I start my classroom setup with desk groups, as a I explain in my first day of school section, because it helps build classroom community.
Plus, the kids have to sit somewhere and I need to see how they relate to each other before making decisions about the best classroom organization.
There are other important early-in-the-year considerations for seating, however.
Especially during the first part of the year, I make sure that no one's back is to the front of the room. At the most, I'll have them sit sideways.
Why? Because, if they can choose, a student will always look at another kid rather than looking at you.
Yes, turn your whole body!
Sometimes the physical layout of our schools unavoidably forces a classroom setup with children's back facing the front. If that is the case in your room, the answer is setting proper expectations. It's not enough to say, "When I speak you need to look at me." The children have to actually practice how they will pay attention to you:
This may sound like overkill, but I assure you it is not. Set this expectation as soon as possible if any of your students don't have direct line-of-sight with your main teaching area.
Moving individual students or desks can start whenever it is needed (even the first day of school if necessary), but don't alter your overall layout until all procedures are in place. So, if you start the year with rows, stick with rows...with groups, stick with groups.
It's important to keep this familiar structure in place until all of your other daily procedures are well established, from getting seated and started in the morning, through lining up for lunch, to putting up chairs at the end of the day.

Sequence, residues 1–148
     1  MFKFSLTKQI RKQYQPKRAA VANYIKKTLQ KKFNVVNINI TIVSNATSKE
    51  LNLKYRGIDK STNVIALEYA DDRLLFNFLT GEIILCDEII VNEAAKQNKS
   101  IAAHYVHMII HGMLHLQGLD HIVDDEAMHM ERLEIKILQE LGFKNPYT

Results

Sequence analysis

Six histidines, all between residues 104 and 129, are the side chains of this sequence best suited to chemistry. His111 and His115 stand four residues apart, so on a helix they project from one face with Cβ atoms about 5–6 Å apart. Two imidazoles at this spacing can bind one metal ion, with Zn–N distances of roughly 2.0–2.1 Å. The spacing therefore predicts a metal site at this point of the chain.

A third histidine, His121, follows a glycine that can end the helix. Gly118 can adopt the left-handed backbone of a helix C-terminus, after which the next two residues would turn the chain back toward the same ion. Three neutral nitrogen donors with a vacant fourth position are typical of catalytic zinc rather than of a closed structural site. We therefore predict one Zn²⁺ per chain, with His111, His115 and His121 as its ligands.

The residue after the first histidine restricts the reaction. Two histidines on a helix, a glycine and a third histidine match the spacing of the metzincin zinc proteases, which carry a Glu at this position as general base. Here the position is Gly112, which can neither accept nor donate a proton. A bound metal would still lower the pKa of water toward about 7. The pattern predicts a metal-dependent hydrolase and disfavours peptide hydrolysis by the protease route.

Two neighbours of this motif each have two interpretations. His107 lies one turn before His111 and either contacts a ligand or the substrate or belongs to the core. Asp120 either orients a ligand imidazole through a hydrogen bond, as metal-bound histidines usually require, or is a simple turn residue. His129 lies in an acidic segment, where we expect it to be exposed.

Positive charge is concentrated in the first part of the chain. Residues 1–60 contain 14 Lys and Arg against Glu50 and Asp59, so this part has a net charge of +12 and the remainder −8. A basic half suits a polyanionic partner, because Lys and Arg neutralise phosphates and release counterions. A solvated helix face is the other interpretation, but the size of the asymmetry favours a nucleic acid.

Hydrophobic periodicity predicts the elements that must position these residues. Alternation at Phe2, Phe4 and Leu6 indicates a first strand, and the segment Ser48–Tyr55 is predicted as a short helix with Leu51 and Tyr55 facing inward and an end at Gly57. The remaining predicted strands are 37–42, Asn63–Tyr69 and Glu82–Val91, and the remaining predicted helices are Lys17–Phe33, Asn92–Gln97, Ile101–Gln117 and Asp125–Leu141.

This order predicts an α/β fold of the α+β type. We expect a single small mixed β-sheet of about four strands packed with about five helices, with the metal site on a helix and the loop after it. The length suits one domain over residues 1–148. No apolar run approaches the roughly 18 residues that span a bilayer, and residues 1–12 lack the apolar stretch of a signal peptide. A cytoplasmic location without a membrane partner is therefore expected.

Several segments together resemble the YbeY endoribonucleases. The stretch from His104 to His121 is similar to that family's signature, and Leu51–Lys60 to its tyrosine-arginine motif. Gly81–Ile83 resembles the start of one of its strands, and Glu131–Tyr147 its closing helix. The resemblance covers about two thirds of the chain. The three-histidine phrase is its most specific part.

Making significant changes to your classroom setup prior to "locking down" your procedures will only generate chaos.
I don't know about you, but I prefer to avoid chaos in the classroom if I can!
After your procedures are in place, moving things around a bit is a good thing. Aside from moving individual students for behavior issues (separating talking partners, for instance) I play with the arrangements of the desks to keep things interesting.
Kids grow and change and their socialization patterns change as well. Combining this with the need to accommodate curriculum (a science unit, for example, may require certain size groupings) leads to a shifting pattern of rows and pods all year long.
Two things are set in concrete in my room, though:
Adults like their routines, but they also like a little change. We're complex creatures, aren't we?! Kids are no different.
Mix up your classroom setup a bit - with a purpose - but not too much...and keep student social patterns optimized for learning and their interest levels high.
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